Books that stand the test of time

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SHERIDAN — Flipping through the stacks of children’s books at the Sheridan County Fulmer Public Library as an adult, it’s easy to pass a dozen books you don’t recognize before coming across one from your own childhood.

Skippyjon Jones and all of his adventures didn’t exist when many parents today were working their way through their earliest books. But as the library in Sheridan celebrates the 65th anniversary of “Charlotte’s Web” this week, it sparked conversations about what makes a book — like the one about Charlotte, Wilbur and friends — last through generations.

Michelle Havenga, children’s librarian at the Sheridan County Fulmer Public Library, said the answers to that question vary by age group. Her colleague, Susan B. Knesel, agreed. 

Knesel is a former “Campbell County Woman of Distinction” and recent Campbell County Public Library System retiree. The Wyoming Council for Women’s Issues announced recently it will recognize Knesel with its 2017 “Governor’s Woman of Distinction Award.”

Both Havenga and Knesel said that for younger children, the books that continue to be popular through the years have compelling illustrations that draw adults and children alike into the book.

As children get older, the books that remain popular expand their world in one way or another. That can be because the book is set in a different time or place. It could be because the story is about somebody different from the reader. 

Universally, though, both Havenga and Knesel said the books that people can relate to remain popular no matter the reader’s age. 

Books for children today include storylines featuring divorced parents, parents who are imprisoned and children of more diverse backgrounds, whether that be in terms of race, religion, physical abilities or appearances.

The New York Public Library compiled its list of the 100 greatest children’s books of all time back in 2013. Titles on the list included “Amelia Bedelia” by Peggy Parish, “Bridge to Terabithia” by Katherine Paterson, “The Cat in the Hat” by Dr. Seuss and “Curious George” by H.A. Rey, among many others.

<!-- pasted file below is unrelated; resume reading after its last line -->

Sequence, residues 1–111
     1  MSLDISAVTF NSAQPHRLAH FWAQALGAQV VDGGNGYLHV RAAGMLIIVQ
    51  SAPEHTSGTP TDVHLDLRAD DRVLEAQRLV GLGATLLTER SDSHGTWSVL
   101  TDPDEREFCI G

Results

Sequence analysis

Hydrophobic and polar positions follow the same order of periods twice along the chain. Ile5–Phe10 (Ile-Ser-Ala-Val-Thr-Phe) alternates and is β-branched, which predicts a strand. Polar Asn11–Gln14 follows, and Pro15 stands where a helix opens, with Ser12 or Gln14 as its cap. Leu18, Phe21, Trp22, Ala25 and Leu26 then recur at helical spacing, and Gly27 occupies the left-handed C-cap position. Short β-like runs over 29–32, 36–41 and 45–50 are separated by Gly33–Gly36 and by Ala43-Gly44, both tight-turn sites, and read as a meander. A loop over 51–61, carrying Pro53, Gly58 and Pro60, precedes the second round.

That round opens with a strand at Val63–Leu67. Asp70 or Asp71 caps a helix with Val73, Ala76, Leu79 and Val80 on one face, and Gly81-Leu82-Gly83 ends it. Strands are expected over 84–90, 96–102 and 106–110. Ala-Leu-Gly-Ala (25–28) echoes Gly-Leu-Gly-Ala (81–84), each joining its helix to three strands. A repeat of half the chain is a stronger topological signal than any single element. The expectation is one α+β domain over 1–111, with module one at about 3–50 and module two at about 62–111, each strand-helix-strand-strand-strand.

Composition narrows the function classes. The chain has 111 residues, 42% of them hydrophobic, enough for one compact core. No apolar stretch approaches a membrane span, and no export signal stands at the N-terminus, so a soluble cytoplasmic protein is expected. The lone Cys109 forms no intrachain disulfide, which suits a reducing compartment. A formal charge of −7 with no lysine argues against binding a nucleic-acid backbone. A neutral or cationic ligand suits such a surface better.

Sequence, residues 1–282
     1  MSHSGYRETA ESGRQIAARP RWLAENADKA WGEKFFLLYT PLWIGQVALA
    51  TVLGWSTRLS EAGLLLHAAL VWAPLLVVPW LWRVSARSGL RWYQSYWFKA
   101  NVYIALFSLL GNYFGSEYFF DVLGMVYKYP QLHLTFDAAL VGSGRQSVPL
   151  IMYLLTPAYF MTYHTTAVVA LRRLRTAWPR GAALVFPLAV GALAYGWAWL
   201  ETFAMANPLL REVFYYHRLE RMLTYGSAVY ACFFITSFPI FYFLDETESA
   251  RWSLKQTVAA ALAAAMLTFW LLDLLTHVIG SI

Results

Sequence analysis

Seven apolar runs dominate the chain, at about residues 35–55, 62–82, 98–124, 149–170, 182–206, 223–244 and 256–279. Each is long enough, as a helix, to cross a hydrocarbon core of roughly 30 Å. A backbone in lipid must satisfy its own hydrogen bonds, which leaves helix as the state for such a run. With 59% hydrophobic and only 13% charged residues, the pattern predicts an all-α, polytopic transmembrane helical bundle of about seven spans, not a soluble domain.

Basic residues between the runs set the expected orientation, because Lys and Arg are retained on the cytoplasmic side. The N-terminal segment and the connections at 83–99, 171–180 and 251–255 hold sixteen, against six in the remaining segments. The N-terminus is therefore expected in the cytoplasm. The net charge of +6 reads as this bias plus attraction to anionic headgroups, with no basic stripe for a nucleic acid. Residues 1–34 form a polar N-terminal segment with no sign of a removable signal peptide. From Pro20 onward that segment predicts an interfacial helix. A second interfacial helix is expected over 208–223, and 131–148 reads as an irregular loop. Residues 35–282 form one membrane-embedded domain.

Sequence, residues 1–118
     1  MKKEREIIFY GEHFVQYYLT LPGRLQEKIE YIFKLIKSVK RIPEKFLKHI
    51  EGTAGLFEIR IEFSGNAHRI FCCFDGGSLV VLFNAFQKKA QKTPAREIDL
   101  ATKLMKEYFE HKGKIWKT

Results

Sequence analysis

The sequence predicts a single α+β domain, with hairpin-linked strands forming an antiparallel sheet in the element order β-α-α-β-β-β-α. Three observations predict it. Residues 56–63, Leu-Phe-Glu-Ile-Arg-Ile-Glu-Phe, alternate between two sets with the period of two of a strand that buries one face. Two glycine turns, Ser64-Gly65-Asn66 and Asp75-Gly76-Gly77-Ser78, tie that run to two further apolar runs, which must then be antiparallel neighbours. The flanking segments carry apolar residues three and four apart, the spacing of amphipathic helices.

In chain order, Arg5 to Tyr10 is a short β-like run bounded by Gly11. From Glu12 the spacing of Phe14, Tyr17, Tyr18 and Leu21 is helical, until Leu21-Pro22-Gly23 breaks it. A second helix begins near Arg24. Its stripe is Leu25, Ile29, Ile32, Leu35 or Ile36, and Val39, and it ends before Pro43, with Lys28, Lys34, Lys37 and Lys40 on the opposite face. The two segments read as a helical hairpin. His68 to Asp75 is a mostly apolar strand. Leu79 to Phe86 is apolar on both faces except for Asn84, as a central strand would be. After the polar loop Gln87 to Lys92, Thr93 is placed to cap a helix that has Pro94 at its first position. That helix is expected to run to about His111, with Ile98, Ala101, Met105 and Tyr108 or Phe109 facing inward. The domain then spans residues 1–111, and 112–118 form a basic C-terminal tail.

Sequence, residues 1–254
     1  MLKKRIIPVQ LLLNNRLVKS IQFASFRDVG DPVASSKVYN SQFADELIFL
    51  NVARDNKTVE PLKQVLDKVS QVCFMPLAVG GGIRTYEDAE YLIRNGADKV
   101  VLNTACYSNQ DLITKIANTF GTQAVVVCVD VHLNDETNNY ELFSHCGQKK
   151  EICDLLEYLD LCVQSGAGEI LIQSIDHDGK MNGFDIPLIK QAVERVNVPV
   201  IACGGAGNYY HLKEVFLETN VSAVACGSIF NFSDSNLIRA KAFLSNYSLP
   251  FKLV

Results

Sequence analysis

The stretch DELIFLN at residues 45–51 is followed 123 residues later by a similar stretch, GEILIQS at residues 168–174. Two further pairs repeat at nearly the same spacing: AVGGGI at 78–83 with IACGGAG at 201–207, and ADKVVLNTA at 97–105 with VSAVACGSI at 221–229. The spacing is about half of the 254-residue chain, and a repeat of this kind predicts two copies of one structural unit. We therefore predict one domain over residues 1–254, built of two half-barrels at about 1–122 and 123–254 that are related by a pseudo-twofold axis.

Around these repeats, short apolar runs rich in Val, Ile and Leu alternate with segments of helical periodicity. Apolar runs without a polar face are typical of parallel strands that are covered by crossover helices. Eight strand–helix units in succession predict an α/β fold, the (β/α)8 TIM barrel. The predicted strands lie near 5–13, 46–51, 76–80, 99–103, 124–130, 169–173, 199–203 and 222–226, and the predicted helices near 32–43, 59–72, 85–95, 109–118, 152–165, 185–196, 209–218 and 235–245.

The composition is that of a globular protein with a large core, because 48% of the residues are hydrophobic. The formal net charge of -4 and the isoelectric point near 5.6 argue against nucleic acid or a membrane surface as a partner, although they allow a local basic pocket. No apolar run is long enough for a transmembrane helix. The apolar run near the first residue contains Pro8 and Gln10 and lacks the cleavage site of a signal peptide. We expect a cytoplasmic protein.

Havenga noted, though, that adults chose those books. They can relive their childhood memories as they read those books to their children. 

The books that last, though, aren’t necessarily always the best written prose or the most realistic stories. 

Knesel pointed out that she wouldn’t necessarily share with just anyone what her favorite books are. The best books vary based on an individual’s emotional connection to the story and its characters. Sometimes those connections happen with writers considered atop the field, while other times it has less to do with the skill of the writer and more to do with where a reader is in his or life at that time.

The library celebrated the 65th anniversary of “Charlotte’s Web” with crafts, readings and story times earlier this week. The activities will culminate with a movie screening and pig party Thursday, Oct. 12, at 4 p.m. in the Inner Circle of the library.

As the library staff marked the occasion, they also encouraged readers to revisit their favorite books.

By |October 11th, 2017|

About the Author:

Kristen Czaban joined The Sheridan Press staff in 2008 and covered beats including local government, cops and courts and the energy industry. In 2012, she was promoted and now serves as the managing editor for The Press. Czaban has a journalism degree from Northwestern University.

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